Therefore, option (c) is the answer.

Trick: The concept used here is that depression in freezing point and molal depression have no effect on diluting a solution.


Question 3: A solution of two liquids boils at a temperature more than the boiling point of either of them. Hence, the binary solution shows

(a) Negative deviation from Raoult’s law

(b) Positive deviation from Raoult’s law

(c) No deviation from Raoult’s law

(d) Positive or negative deviation from

Solution: Solutions boil at a higher temperature, the vapour pressure of the solution is less. Hence, it shows a negative deviation from Raoult's law.

Therefore, option (a) is the correct answer.

Trick: Need to remember the deviations from the ideal solutions that are positive and negative deviations from Raoult's law.


Practice Questions

Question 1:The Van’t Hoff factors i for an electrolyte which undergoes dissociation and association in solvents are respectively

(a) Greater than 1 and greater than 1

(b) Less than 1 and greater than 1

(c) Less than 1 and less than 1

(d) Greater than 1 and less than 1

Answer: (d) Greater than 1 and less than 1.


Question 2: What happens when an egg is kept in a saturated

solution of NaCl after removing its hard shell

in dil. HCl?

(a) Egg will swell

(b) Egg will shrink

(c) Egg will remain same

(d) Egg will first shrink and then swell.

Answer: (b) Egg will shrink.


Question 3: Maximum freezing point falls in

(a) Camphor 

(b) Naphthalene

(c) Benzene 

(d) Water

Answer: (a) Camphor 


Conclusion

A solution is a mixture of two or more components that is homogenous. Solid, liquid, and gaseous solutions are the three types of solutions. A solution's concentration is measured in mole fractions, molarity, molality, and percentages. Henry's law governs the dissolution of a gas in a liquid, which states that the solubility of a gas in a liquid is directly proportional to the partial pressure of the gas at a particular temperature. Colligative qualities are those of solutions that are dependent on the amount of solute particles but not on their chemical identity. Vapour pressure is reduced, the boiling point is raised, the freezing point is lowered, and osmotic pressure is reduced. If a larger pressure is applied, the osmosis process can be reversed.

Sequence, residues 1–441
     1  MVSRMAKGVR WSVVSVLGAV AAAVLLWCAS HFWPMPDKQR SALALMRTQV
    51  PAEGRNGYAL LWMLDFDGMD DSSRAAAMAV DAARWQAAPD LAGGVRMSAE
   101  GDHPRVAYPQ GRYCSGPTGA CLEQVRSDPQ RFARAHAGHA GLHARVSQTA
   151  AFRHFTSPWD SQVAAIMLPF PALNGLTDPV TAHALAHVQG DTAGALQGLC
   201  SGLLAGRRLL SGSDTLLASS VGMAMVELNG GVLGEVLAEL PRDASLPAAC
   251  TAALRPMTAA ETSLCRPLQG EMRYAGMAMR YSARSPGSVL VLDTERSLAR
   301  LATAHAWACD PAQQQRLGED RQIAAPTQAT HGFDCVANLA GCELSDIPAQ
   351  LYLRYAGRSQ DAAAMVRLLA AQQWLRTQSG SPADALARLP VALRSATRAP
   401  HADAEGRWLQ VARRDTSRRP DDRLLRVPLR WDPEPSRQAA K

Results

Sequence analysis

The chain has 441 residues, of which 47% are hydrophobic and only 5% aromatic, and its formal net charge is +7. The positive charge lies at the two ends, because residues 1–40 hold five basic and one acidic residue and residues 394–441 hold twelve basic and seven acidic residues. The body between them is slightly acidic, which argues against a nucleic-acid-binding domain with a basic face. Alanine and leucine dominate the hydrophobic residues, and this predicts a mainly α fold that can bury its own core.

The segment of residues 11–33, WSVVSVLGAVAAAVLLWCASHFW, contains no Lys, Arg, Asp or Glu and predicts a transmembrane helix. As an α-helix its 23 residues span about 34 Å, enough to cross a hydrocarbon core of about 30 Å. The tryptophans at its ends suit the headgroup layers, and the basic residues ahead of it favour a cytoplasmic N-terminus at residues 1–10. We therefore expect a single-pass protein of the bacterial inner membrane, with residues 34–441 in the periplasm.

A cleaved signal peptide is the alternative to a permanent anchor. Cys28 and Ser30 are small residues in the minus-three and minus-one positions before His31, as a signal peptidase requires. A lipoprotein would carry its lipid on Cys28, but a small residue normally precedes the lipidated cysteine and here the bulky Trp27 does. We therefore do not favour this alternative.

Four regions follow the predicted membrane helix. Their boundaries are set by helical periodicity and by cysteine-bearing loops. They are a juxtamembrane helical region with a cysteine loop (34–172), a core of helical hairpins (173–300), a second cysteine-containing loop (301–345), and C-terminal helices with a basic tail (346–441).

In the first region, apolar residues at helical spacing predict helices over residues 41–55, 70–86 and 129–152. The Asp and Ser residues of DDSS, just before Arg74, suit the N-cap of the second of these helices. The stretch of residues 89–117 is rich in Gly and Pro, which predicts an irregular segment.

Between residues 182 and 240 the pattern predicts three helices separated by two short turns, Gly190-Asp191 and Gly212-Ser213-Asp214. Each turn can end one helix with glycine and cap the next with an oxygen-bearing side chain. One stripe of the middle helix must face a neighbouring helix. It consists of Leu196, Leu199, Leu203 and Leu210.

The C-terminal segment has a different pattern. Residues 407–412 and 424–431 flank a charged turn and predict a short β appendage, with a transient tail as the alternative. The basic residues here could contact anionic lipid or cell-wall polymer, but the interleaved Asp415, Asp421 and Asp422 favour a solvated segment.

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FAQs on NEET Chapter - Solutions

FAQ

1. What are the three most important characteristics of a solution?

The following are the properties of a solution:


A homogenous mixture is a solution. A homogeneous mixture is one in which two or more substances are present. The solution is invisible to the naked eye. Because the particles are thoroughly mixed together. A solution prevents light beams from scattering.

2. What is a solution's most active component?

The solvent is the component with the highest concentration, whereas the solute is the component with the lowest concentration. A physical process, not a chemical one, results in the production of a solution from a solute and a solvent. When miscible substances, such as gases, are mixed, they create a single-phase in all amounts.

3. What is the significance of a solution?

Any of the phases of matter can be dissolved in another phase of a solution, which is a homogenous mixture of molecules. Whether it's solids, liquids, or gases, solution chemistry is significant since most chemical reactions take place in solutions, whether in the lab or in nature.